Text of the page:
Surfing in The Midwest!
The first time I tried Wake surfing I was hooked. The feeling of riding without a rope, the slow boat speeds, and ability to surf in rough water makes the sport addictive for anyone.
Only wake surf on Inboard or V drive boats. Most people find the best wake at 9-11 MPH. Starting line length should be about 10 feet past the back platform of the boat. If you have Fat Sacs you’ll want to heavily weight the port side of the boat (starboard for Nautiques) to get the best surfing lip. Typically you’ll need at least one thousand pounds of weight in the boat to get a ride able surf wake.
The easiest way to get up on a wake surfer is to lie on your back in the water, and place your heels on the board wider than shoulder width apart. When you are set in this position, have the driver put the boat in gear. As you slowly are pulled through the water, simply press down on your heels and the board will be tipped under your feet and ready to ride. At this point getting up on the wake surfer is exactly the same as a wakeboard start.
Facing the Wake
With every boat, there is one side of the wake that will always have a better lip than the other side. The cleanness of the lip is determined by the rotation of the boat’s propeller. Basically, for every boat except Nautiques the wake will be better on the Port side of the boat. What this means for wake surfing is that you may have to ride the board switch, or opposite foot forward, so that you can face the wake, as opposed to having your back to the wake. I think it’s a lot easier to always be facing the wake because you can see when you’re falling off the wake and make adjustments quicker. It really doesn’t seem to hinder beginners if they have to learn to ride with their opposite foot forward.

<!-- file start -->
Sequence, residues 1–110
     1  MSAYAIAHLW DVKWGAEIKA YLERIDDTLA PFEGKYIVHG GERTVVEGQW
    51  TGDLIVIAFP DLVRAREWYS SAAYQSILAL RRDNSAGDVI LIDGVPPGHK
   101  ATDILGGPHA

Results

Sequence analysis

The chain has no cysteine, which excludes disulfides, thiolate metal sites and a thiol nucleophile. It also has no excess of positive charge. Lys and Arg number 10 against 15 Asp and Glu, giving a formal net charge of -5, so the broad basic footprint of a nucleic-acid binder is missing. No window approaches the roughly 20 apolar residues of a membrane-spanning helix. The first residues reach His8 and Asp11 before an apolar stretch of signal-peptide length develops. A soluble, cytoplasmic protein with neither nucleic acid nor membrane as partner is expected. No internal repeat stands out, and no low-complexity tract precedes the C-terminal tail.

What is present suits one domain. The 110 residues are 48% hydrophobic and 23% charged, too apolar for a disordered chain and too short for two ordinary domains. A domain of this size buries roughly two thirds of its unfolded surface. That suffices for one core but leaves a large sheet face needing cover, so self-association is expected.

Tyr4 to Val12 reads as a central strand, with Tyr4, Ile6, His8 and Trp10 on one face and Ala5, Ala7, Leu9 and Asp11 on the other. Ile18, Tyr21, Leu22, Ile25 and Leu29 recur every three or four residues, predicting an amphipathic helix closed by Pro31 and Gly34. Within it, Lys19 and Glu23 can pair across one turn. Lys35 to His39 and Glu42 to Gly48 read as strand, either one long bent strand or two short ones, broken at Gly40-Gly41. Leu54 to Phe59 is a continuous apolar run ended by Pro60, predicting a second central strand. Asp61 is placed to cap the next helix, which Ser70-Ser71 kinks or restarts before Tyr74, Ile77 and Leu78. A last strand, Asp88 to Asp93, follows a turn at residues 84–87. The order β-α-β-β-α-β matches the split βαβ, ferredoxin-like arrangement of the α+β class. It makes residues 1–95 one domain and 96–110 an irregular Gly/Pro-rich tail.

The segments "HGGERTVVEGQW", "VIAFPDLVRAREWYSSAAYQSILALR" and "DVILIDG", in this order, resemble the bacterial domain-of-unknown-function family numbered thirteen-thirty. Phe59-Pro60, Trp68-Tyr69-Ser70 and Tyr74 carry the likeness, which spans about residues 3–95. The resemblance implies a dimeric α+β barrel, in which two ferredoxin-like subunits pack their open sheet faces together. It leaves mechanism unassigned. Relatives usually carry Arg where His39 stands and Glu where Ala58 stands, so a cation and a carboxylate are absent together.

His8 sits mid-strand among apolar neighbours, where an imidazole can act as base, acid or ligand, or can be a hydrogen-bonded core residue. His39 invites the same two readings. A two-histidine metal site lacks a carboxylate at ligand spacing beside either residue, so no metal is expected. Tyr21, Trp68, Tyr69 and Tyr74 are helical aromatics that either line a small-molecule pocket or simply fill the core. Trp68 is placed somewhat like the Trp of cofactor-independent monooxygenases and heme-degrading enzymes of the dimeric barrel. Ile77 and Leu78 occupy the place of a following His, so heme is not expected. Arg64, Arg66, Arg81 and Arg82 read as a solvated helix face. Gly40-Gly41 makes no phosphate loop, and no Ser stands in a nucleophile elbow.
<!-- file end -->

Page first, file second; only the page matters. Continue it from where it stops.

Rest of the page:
Wake surfing uses all the same techniques as surfing in the ocean.
To accelerate toward the boat, put more weight on your front foot, to slow down put more weight on the tail. Your stance should be very wide, more than shoulder width apart so you can easily rock back and forth on the board to stay on the right spot of the wave. While riding and still holding on to the handle, the first thing to practice is getting the feel of a “loose” rope. After you can ride for at least 20 seconds with the rope being slack, it’s time to throw the handle in the boat and surf.
On the Wake
Getting the feel for how the wake pushes you along can be the trickiest part. Where most beginners go wrong is that they don’t stay on top of the wake enough, and go off the side of the boat too far. Always keep pressure on the edge of the board to keep it on top of the wake. Lightly bouncing on your front foot, or milking the board, will quickly accelerate the board forward when you get back too far from the boat and start loosing the push of the wave. Another way to keep up with the wave is to paddle or slap the water back with your hand to gain speed. The learning curve is very fast in wake surfing, it’s not uncommon to see new riders surf rope-free and slashing the wave after just a few times on the board.